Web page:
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Survey - Enhancing HRM’s ability to deliver programs and services

The purpose of this consultation is to ask residents for input on what they think of the municipality having natural person powers, possible ways NPPs could be used, and the restrictions that might be beneficial to include.


a) Impact on individuals

Under the current HRM Charter, the Municipality may not provide funding or grants to private individuals except in very specific circumstances (for example, grants to upgrade registered heritage properties). These restrictions prevent the municipality from supporting a wide range of services that residents sometimes request. With NPPs, the municipality could expand its service delivery such as giving grants to private properties for renovation or maintenance; and directly running programs to support individuals that are not specifically outlined in the Charter, such as snow clearing for seniors (this program is currently run through the YWCA, not HRM) and a cat catch-and-release program (currently run by the SPCA, not HRM). Canadian municipalities with NPPs have undertaken innovative programs that can directly support individuals, from smaller initiatives like grants for energy efficiency upgrades to properties or scholarship funds for students, to major undertakings like acting as a mortgage lender to residents who may not usually qualify but can benefit from the municipality’s strong credit rating.

b) Impact on non-profits

Currently, the municipality’s ability to support non-profit organizations is limited to certain types of non-profits. Having NPPs would remove this restriction and allow the municipality to consider supporting or partnering with non-profits more broadly. This could take different forms such as direct grants, partnerships with joint ownership of assets, or providing social programs and services directly.

c) Impact on borrowing and debt

NPPs relate to a number of activities generally associated with the private sector: buying and selling property, entering into contracts and mortgages, purchasing shares, issuing debt, and forming corporations. The municipality's ability to do these things now is strictly limited under the HRM Charter. For example, the municipality needs approval from the Minister of Municipal Affairs for any multi-year expenditure over $500,000. HRM’s borrowing methods are restricted to debentures issued by the Province, and it cannot access other debt mechanisms such as a line of credit. NPPs would remove these restrictions and allow the municipality to raise money in different ways.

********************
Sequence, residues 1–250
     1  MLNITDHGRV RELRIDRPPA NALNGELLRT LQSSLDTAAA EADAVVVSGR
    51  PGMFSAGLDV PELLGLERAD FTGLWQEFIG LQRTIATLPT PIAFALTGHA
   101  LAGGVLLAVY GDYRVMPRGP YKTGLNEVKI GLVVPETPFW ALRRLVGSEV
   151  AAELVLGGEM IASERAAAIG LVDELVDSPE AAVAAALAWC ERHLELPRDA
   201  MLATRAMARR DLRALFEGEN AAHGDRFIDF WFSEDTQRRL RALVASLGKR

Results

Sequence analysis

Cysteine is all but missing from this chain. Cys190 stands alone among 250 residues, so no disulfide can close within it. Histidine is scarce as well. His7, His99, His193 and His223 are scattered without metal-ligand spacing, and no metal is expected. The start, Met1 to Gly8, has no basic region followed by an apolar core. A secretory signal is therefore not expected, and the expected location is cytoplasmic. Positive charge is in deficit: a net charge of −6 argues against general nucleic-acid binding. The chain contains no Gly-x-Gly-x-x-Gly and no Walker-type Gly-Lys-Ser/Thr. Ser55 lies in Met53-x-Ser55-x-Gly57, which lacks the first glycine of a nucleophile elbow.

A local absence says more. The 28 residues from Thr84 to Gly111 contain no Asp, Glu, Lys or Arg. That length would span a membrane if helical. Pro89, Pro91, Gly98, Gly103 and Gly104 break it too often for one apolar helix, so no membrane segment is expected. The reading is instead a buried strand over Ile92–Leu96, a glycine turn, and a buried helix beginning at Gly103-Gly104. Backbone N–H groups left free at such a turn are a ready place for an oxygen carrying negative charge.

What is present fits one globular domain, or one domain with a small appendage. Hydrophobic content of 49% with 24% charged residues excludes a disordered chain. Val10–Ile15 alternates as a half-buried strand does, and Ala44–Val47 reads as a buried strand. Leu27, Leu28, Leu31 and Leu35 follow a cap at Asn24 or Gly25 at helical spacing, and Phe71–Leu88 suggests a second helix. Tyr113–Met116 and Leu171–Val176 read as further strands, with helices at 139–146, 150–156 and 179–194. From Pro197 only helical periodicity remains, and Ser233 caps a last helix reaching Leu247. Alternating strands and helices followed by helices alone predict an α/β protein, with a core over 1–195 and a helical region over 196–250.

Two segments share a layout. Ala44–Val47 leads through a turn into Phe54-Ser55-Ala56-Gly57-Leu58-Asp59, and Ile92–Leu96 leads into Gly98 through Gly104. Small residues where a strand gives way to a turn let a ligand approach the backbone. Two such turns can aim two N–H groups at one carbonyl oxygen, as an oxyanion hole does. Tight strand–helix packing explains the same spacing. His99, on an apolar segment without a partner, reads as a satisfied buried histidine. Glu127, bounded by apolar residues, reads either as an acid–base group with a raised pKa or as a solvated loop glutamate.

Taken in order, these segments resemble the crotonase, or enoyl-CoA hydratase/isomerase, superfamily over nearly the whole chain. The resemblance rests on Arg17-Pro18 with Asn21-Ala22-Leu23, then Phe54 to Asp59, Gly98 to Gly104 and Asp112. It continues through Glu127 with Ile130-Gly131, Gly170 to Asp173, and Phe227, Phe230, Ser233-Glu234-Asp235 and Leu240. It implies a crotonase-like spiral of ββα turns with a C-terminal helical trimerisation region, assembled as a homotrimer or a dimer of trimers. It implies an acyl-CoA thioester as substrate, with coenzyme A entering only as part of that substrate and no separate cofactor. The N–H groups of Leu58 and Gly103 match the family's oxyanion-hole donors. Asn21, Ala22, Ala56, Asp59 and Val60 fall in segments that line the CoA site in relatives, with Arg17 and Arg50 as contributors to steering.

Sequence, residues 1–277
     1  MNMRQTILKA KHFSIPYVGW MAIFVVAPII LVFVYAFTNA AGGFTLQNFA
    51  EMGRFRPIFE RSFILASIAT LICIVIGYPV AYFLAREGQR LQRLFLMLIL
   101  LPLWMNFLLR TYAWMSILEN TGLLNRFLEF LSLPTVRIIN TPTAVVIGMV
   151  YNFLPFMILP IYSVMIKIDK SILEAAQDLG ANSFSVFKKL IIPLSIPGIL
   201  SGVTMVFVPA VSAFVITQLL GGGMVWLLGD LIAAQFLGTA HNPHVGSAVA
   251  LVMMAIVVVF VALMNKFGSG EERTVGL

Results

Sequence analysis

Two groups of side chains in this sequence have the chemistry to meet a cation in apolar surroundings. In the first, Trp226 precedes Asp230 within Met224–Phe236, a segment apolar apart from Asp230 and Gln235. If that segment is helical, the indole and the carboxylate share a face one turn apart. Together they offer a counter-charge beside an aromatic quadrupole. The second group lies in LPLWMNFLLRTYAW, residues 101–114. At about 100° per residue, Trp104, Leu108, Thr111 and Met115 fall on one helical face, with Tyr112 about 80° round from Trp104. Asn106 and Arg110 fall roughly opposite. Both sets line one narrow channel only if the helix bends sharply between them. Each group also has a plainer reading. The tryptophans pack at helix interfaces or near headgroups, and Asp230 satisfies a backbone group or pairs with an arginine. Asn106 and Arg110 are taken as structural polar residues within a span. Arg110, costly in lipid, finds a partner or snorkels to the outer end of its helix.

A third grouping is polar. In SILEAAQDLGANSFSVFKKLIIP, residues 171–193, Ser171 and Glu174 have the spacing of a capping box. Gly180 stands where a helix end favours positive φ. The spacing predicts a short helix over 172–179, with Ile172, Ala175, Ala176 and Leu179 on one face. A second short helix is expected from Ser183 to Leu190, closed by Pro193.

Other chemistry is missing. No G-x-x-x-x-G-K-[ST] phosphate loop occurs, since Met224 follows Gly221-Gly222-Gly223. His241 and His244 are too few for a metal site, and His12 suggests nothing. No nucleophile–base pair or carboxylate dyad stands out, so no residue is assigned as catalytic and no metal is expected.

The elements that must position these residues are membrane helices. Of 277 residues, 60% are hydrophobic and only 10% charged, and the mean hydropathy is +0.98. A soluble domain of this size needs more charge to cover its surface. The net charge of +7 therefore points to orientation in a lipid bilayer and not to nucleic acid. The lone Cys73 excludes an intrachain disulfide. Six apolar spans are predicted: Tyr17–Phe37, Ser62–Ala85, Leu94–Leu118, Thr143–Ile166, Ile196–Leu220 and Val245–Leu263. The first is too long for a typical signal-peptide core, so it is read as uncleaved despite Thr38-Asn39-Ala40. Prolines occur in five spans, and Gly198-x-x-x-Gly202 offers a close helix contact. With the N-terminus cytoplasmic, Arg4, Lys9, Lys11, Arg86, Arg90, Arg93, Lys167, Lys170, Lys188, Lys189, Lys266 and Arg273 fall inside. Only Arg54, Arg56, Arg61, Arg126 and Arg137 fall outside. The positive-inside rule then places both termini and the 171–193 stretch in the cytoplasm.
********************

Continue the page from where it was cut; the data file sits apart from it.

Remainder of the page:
Do you agree with expanding the municipality's ability to borrow money or commit to multi-year expenditures, using different tools without provincial oversight?

d) Restrictions

Municipalities in eight provinces and territories have natural person powers. However in each case NPPs are accompanied by some restrictions. These are different in every province, but generally include limitations on giving grants to the private sector, forming corporations, limiting areas where municipal funds may be spent, and declaring bankruptcy. For examples of restrictions in place across Canada, please see the policy rationale attached to the Council report found here: http://www.halifax.ca/council/agendasc/documents/161108ca1415.pdf

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